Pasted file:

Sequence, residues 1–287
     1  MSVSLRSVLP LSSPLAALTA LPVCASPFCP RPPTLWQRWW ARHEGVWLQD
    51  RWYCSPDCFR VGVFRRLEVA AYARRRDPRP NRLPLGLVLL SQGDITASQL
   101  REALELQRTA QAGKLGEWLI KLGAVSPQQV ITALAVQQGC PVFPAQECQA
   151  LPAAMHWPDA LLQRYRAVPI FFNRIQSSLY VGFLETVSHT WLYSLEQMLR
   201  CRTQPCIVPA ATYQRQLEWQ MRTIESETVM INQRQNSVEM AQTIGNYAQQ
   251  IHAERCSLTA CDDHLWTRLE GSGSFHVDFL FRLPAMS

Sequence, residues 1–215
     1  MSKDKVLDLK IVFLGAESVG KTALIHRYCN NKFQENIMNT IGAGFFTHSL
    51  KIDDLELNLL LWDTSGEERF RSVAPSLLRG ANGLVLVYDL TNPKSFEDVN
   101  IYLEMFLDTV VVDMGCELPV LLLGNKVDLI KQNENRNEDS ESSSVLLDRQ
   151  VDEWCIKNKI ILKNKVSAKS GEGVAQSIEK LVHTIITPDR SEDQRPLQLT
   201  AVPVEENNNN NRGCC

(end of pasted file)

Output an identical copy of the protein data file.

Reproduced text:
Sequence, residues 1–287
     1  MSVSLRSVLP LSSPLAALTA LPVCASPFCP RPPTLWQRWW ARHEGVWLQD
    51  RWYCSPDCFR VGVFRRLEVA AYARRRDPRP NRLPLGLVLL SQGDITASQL
   101  REALELQRTA QAGKLGEWLI KLGAVSPQQV ITALAVQQGC PVFPAQECQA
   151  LPAAMHWPDA LLQRYRAVPI FFNRIQSSLY VGFLETVSHT WLYSLEQMLR
   201  CRTQPCIVPA ATYQRQLEWQ MRTIESETVM INQRQNSVEM AQTIGNYAQQ
   251  IHAERCSLTA CDDHLWTRLE GSGSFHVDFL FRLPAMS

Sequence, residues 1–215
     1  MSKDKVLDLK IVFLGAESVG KTALIHRYCN NKFQENIMNT IGAGFFTHSL
    51  KIDDLELNLL LWDTSGEERF RSVAPSLLRG ANGLVLVYDL TNPKSFEDVN
   101  IYLEMFLDTV VVDMGCELPV LLLGNKVDLI KQNENRNEDS ESSSVLLDRQ
   151  VDEWCIKNKI ILKNKVSAKS GEGVAQSIEK LVHTIITPDR SEDQRPLQLT
   201  AVPVEENNNN NRGCC